OMG, tweens are such a headache. That’s not news to parents who regularly grapple with their own prepubescents, but Mark Zuckerberg may be about to find out too.
Right now, Facebook is limited to users 13 and older, but as The Wall Street Journal first reported, tweens are very much on the social network’s radar. But experts on the demographic wonder whether the potential headaches, outside criticism, not to mention the limited revenue potential, make tweens worth it for Facebook and other social nets.
“There are a multitude of concerns if not done right,” said Jim Steyer, CEO/founder of the nonprofit Common Sense Media.
Not only could social networking negatively affect cognitive development, Steyer argued, but also a kid’s safety cannot be guaranteed no matter what the company’s technical prowess or monitoring assurances, he contends.
Steyer pointed to the dating app Skout, which suspended its teen community two weeks ago after three men were accused of using the site to target victims. Skout set up the teen community last year as a safeguard for 13-to-17-year-old users after noticing the demo had been skirting restrictions meant to keep them out of the 18-and-over community.
That rationale could explain why Facebook would consider developing an environment for under-13 users since it already has added safeguards in place for its 13-17-year-old users, such as minimizing who can contact these young users through the platform, and also preventing their profiles from appearing in public search listings.
“Many recent reports have highlighted just how difficult it is to enforce age restrictions on the Internet, especially when parents want their children to access online content and services. We are in continuous dialogue with stakeholders, regulators and other policymakers about how best to help parents keep their kids safe in an evolving online environment,” said a Facebook spokesperson.
Notice, Facebook hasn't said whether it will allow advertisers to target the under 13-crowd, assuming it ever lets these kids onto the site. Last week, a coalition of 14 consumer, privacy and child advocacy groups wrote a letter to Zuckerberg calling for any under-13 services to exclude advertising.
Rather than setting up an under-13 service, Steyer said Facebook should instead develop an extensive education campaign aimed at parents and educators to make clear that Facebook is only for users ages 13 and up. “In general, experienced children’s companies like Disney and Nickelodeon are the best people” to develop online social communities for kids, he said.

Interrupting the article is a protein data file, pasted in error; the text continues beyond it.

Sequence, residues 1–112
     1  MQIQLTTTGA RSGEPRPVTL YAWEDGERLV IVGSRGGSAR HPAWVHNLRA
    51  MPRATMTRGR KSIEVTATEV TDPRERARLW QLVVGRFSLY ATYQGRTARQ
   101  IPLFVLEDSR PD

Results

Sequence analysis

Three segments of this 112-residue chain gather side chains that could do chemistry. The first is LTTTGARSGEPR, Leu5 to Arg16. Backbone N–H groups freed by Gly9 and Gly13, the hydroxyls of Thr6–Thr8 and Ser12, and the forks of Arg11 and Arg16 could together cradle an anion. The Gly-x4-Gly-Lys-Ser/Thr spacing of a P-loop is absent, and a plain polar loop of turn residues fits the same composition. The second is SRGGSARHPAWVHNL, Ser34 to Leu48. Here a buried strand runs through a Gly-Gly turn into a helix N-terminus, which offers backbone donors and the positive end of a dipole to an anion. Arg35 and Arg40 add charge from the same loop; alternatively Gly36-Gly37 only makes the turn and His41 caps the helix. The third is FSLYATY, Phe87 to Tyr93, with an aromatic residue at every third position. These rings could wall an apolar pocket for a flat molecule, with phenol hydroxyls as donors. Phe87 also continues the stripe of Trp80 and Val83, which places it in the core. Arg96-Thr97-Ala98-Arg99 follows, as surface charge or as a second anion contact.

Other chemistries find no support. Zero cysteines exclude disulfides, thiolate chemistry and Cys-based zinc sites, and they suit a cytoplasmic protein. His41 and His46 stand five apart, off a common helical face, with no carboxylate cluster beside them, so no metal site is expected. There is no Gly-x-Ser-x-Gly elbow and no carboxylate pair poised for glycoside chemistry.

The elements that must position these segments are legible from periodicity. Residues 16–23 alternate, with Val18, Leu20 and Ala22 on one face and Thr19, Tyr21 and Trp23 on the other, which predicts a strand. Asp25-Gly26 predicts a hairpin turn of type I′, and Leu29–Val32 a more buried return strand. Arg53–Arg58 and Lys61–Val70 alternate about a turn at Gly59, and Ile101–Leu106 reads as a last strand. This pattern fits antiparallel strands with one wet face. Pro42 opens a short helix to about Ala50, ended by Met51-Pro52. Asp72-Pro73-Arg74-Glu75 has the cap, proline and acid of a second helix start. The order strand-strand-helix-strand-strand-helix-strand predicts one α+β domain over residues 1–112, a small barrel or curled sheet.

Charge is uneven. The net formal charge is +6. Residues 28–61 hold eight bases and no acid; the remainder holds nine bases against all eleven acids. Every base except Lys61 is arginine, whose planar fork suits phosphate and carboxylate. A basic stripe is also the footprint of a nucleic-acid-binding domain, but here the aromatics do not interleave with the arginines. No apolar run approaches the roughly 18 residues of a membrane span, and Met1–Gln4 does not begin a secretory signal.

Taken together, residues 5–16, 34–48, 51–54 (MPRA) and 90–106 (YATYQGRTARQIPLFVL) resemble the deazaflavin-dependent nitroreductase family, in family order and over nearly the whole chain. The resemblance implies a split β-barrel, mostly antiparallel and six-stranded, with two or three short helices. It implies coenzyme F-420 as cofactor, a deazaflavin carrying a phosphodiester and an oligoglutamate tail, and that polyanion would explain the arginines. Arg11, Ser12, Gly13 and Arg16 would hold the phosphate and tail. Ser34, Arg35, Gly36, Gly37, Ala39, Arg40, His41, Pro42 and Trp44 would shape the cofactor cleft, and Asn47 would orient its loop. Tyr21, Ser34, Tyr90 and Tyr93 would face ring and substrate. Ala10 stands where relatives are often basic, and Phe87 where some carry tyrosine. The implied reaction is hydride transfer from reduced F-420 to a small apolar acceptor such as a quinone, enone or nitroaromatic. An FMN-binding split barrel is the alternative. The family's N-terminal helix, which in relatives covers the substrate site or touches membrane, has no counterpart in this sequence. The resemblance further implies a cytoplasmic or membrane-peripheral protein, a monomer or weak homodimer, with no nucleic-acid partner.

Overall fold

Perhaps, but even those companies are cautious when it comes to marketing to tweens. For example, while Disney’s online virtual world Club Penguin doesn’t feature ads, Nickelodeon’s online virtual world The Club carries banners from brands such as Honey Nut Cheerios.
Brands appear to be just as wary as publishers. The social ad firm TBG Digital analyzed 174 million Facebook ad impressions and found that cost-per-click rates for targeting users 16 and older were more than double those for 13-to-15-year-olds, while clickthrough rates were only 7.4 percent higher. That disparity stems from fewer advertisers chasing the under-16 set, said TBG Digital CEO Simon Mansell.
Kid-centric brands “definitely get extremely terrified” when a site on which they advertise encounters safety issues, said Keith Pape, vp of social, mobile and emerging media at the youth-focused interactive agency Ayzenberg Group, whose clients include Lego and Mattel. “The biggest question [for brands] always is: Are we going too far? Is this working? Is this safe?”
Pape pointed out that Habbo Hotel—an ad-supported virtual world “intended” for users aged 13 and older, per its service agreement—has been considered one of the safest environments for children. Still, the site shut down its chat function two weeks ago after a British news producer found that it was filled with sexually explicit content. That happened despite Habbo Hotel’s parent company Sulake employing more than 225 moderators who track roughly 70 million lines of conversation daily around the globe, according to Sulake's director of PR and communications Merja Turpeinen.
“Any online community that allows young users to assume virtual identities may be open to abuses, which is why we work hard to keep users safe, filtering content and blocking inappropriate users. We also provide education and rapid-response support to users who experience uncomfortable conversations,” Turpeinen said in an email.
As to whether Habbo Hotel would ever prohibit under-18 users from using the site or its chat functions, she said, “The future of the site is currently under internal review.”
You might say the whole tween social networking category is under review.
View more from Adweek's Tween Issue